A New Electric Jet Engine Actually Works Inside the Atmosphere
Unlike other plasma jet engines, this new Chinese one can actually work in the atmosphere. This could prove revolutionary for the aerospace industry.
Science & Tech
A new design of a plasma jet engine was unveiled last year by a group of researchers in China. While not a new technology in and of itself, this new design could be the secret to allowing the use of these engines in the atmosphere — not just limited to space.
While the thrust output is still pretty puny when compared to conventional atmospheric engines, once scaled, this new type of engine could prove revolutionary for the aerospace industry.
But before we take a look at this new design, let's get the down-low on how plasma jet engines work.
What is a plasma propulsion engine?
Plasma-based thrusters are usually thought of as a potential form of spacecraft propulsion. Such engines differ from ion thruster engines, which generate thrust by extracting an ion current from its plasma source. These ions are then accelerated to high velocities using grids or anodes.
Plasma engines don't normally require high voltage grids or anodes/cathodes to accelerate charged particles in the plasma source but use the currents and potentials that are generated internally, in the form of a high-current electric arc between the two electrodes, to accelerate the ions. This tends to result in a lower exhaust velocity as there is a limited voltage used for acceleration.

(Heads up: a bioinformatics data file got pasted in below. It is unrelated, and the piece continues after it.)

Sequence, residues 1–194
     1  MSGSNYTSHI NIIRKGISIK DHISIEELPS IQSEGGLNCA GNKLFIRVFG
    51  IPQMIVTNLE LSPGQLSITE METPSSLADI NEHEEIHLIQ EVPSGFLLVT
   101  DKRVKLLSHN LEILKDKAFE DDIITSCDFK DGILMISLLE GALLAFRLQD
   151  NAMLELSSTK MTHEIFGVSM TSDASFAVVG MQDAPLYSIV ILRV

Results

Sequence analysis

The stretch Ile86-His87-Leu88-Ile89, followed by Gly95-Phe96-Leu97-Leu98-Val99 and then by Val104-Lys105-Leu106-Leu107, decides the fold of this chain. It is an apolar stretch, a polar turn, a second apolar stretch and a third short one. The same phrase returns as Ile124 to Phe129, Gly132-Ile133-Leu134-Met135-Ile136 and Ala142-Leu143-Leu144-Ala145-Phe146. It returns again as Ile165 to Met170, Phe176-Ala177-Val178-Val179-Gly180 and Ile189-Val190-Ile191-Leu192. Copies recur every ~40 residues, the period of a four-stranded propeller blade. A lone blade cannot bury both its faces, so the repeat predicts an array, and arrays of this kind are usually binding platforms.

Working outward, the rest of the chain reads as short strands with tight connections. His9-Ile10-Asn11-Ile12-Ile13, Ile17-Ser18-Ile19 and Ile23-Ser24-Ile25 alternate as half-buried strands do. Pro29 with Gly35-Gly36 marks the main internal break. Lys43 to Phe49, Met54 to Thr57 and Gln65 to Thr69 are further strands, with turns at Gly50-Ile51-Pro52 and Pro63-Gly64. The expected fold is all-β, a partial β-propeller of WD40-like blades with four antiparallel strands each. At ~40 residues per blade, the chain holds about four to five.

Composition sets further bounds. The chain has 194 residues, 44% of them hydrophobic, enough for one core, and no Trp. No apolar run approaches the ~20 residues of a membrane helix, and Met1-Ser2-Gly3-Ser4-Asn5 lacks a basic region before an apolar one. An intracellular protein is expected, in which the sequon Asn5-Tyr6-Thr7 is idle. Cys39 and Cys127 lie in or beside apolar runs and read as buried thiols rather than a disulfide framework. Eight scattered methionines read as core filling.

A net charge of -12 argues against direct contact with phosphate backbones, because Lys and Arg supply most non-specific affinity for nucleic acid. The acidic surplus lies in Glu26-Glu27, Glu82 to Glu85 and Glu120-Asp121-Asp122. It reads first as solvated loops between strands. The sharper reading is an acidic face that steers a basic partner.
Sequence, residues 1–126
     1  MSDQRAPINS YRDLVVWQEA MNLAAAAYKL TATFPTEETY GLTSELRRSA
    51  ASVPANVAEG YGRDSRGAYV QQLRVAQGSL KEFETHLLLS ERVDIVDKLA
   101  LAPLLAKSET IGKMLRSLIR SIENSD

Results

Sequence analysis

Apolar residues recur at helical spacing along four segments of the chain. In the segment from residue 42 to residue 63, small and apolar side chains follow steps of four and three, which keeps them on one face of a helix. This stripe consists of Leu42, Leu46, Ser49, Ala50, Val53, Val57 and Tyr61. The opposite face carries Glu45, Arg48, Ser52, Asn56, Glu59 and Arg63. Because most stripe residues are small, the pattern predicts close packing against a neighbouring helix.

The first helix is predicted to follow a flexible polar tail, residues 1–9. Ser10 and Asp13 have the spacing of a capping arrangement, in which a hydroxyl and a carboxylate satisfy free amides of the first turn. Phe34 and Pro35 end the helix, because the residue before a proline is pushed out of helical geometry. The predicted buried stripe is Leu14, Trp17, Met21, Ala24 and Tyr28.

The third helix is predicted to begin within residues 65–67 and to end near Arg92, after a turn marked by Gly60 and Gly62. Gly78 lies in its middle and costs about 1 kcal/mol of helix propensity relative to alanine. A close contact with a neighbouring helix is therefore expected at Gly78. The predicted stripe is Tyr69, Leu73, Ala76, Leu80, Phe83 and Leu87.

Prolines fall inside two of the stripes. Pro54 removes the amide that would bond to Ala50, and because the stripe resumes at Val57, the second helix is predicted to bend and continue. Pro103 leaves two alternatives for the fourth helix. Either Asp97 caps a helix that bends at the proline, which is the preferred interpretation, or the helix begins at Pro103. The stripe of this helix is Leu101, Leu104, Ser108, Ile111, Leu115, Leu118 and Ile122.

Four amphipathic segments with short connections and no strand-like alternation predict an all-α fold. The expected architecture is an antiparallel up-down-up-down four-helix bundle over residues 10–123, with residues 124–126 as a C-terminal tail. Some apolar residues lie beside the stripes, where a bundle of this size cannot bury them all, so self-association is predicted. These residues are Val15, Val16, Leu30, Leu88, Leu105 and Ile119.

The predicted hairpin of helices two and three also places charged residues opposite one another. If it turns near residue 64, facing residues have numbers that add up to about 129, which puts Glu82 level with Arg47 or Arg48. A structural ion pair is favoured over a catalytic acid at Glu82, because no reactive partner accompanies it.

However, with little to no air friction in space, the thrust of these engines doesn't need to be that high. If a constant acceleration can be pumped out for months or years at a time, it could be possible to eventually reach a very high velocity.
Such engines have various advantages over other forms of electrical propulsion. For example, the lack of high voltage grids of anodes reduces the risk of grid ion erosion.
Another advantage is that the plasma exhaust is what is termed "quasi-neutral". This means that the positive ions and electrons exist in equal numbers, which means simple ion-electron recombination in the exhaust can be used to extinguish the exhaust plume, removing the need for an electron gun.
Typical examples of these engines tend to generate the source plasma using a variety of methods, including radiofrequency or microwave energy using an external antenna. Because of the nature of the design of these engines a range of propellants can be used in them including argon, carbon dioxide, or even human urine.
As you'd expect, there are also some inherent drawbacks to this technology. Chief among them is the high energy demand required to power them.
For example, the Variable Specific Impulse Magnetoplasma Rocke (VASIMR) VX-200 engine requires 200 kW electrical power to produce 1.12 pounds (5 N) of thrust or 40 kW/N. In theory, such an energy demand could be met using fission reactors on spacecraft, but the added weight might prove prohibitive for launching the craft in the first place.
Another challenge is plasma erosion. While in operation, the plasma can thermally ablate the walls of the thruster cavity and support structure, which can eventually lead to system failure.
Such engines, to date, are only really useful once the spacecraft is in space. This is because of the relatively low thrust that prohibits them from realistically being used to launch the craft into orbit. On average, these rockets provide about 2 pounds (4.45 N) of thrust. Plasma thrusters are highly efficient once in space, but do nothing to offset the orbit expense of chemical rockets.